Cold Weather Flies

The way I see it, there are two distinct fly seasons.  The long, drawn out, hot and often muggy summer fly season where there are zillions of flies that seem to spawn from nowhere and the short but disgusting cold-weather fly season.

Let it  be known that my favorite fly season – if I had to choose between gross and grosser – is the summer fly season.  The sheer fact that there are at least 7 million flies on any given sauna-like afternoon that fill up fly tape within 2 minutes, land on the goats causing them to stomp and nearly step into the milk pail during milking, and irritate the living daylights out of any human being still pales in comparison to the cold-weather fly season.

It is my least favorite of the two fly seasons.  And, it has been happening on a daily basis in by kitchen for the past two weeks.

Let me paint a few pictures for you…in case you’ve never experienced a cold weather fly:

You’re standing at the kitchen sink, gazing out the window as you wash a few dishes.  You are marveling at the deep blue color of the sky and watching the cloud shaped like a lizard change into a guitar then into a wedding cake when a large, lethargic black blob enters your peripheral vision and slams into your cheek.  It maintains contact with your flesh for longer than you care to think about, and the fact that it even collided with your unmoving face is absurd.  Don’t flies have upwards of 1000 eyes?  It should have seen you as an obstruction from at least the dining room table.  From the point of contact, it ricochets off and begins a slow descent to the ground, its wings not able to recover quickly enough to get it to safety.  If you are quick, you can get the dish soap off your hands, grab a dish towel and swat it with ease.  But, if you delay, or if it regains consciousness mid-flight, it zig-zags and lands on the glass spice jars and poses for a picture.  It is temporarily saved because you can’t kill it without risking your Italian seasoning being peppered with shards of glass.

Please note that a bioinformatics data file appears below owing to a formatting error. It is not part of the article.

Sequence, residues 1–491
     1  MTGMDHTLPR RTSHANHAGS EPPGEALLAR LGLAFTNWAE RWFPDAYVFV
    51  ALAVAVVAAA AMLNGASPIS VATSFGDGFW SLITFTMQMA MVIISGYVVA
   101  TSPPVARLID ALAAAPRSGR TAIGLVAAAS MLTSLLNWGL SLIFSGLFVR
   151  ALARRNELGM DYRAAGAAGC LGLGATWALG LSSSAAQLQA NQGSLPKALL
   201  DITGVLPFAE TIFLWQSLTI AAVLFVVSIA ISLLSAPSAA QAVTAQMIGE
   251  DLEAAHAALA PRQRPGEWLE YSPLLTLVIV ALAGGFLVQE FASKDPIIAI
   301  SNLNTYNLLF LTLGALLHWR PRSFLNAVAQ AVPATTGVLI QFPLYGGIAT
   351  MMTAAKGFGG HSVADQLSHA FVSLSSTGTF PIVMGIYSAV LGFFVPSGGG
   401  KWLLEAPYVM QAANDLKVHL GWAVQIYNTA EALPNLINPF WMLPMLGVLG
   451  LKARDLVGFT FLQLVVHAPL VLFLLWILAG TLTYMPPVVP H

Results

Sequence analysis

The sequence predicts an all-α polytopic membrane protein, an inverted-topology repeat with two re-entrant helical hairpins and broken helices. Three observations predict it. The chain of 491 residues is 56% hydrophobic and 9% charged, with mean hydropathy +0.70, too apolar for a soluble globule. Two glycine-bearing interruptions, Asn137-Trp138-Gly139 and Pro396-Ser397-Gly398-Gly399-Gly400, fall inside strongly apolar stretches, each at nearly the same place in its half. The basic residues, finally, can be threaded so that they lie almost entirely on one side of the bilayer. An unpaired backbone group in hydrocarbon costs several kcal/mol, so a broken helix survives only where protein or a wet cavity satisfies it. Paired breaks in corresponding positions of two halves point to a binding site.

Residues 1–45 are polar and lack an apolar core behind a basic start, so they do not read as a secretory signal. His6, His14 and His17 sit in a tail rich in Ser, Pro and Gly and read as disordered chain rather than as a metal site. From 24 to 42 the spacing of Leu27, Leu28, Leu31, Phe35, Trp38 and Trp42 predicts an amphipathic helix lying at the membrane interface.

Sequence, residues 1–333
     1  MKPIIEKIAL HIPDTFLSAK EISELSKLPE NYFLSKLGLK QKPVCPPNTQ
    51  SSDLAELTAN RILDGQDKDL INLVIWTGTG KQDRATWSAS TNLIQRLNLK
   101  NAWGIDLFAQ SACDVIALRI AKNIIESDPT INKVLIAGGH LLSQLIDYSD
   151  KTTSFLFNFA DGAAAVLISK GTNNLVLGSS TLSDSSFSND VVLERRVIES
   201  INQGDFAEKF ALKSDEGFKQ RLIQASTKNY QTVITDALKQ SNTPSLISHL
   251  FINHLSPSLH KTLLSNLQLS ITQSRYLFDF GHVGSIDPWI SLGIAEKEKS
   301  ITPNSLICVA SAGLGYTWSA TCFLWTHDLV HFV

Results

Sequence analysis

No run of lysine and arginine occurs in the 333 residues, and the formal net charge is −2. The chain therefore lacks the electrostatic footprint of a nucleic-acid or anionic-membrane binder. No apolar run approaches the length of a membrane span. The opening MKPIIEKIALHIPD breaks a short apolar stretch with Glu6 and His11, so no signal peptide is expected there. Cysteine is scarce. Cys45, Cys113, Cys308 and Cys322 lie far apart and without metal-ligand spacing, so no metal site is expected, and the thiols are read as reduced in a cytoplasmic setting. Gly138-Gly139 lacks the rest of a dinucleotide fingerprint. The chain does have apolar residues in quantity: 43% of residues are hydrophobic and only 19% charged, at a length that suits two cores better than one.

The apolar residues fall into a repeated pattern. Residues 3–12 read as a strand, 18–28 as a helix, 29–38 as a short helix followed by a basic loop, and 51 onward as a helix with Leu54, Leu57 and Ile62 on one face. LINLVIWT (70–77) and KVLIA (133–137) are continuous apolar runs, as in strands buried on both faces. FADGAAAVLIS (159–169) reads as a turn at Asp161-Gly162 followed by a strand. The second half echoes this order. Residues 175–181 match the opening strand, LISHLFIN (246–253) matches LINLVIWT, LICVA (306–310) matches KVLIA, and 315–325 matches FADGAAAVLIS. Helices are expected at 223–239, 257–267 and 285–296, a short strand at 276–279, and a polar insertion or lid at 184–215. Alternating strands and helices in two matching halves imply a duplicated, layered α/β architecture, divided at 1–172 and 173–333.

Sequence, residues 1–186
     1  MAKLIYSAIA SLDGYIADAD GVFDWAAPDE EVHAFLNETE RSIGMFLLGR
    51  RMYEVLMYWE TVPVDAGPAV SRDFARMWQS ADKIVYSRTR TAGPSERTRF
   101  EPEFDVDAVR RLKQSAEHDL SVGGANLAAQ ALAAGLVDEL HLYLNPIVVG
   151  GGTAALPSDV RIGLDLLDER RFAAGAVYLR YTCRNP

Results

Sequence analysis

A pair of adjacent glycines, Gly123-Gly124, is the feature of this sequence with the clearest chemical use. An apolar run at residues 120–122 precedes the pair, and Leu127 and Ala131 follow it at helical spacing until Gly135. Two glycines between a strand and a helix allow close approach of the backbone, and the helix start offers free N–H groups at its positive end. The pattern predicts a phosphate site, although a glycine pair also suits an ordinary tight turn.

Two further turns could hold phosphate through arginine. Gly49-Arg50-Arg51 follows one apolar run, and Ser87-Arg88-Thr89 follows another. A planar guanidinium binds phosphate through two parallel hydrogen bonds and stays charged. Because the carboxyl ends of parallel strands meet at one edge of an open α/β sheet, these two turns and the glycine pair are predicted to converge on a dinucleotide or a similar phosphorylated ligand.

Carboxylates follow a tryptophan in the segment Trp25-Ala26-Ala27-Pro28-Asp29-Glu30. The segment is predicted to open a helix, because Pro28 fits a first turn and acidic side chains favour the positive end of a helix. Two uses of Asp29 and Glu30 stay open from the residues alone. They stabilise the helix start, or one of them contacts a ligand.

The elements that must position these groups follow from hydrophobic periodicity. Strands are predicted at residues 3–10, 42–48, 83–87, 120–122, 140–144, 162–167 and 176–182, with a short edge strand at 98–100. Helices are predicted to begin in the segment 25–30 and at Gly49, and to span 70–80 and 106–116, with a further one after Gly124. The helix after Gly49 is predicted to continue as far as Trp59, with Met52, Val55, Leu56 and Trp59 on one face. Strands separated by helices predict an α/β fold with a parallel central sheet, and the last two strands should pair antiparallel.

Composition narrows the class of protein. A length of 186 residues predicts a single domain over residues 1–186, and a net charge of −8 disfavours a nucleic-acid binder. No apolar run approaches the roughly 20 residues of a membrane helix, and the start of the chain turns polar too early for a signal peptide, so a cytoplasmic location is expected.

The worst though, is when you are walking toward the door, in a hurry to get to a meeting.  Your inertia is forward moving and at the time you happen to take your usual breath in through your nose, a cold weather fly comes in from left field.  It is so slow and weak that it can’t fight the pull of the vacuum it suddenly feels drawing it directly toward your right nostril.  A millisecond before you inhale the poop eating insect deep into your nasal cavity, your brain processes the reality of the situation and its impending disaster.  You stop your breath and wave frantically at the base of your nose.  That one got away, but at least you didn’t have to go to the ear nose and throat doctor to have it removed from the depths of your sinuses.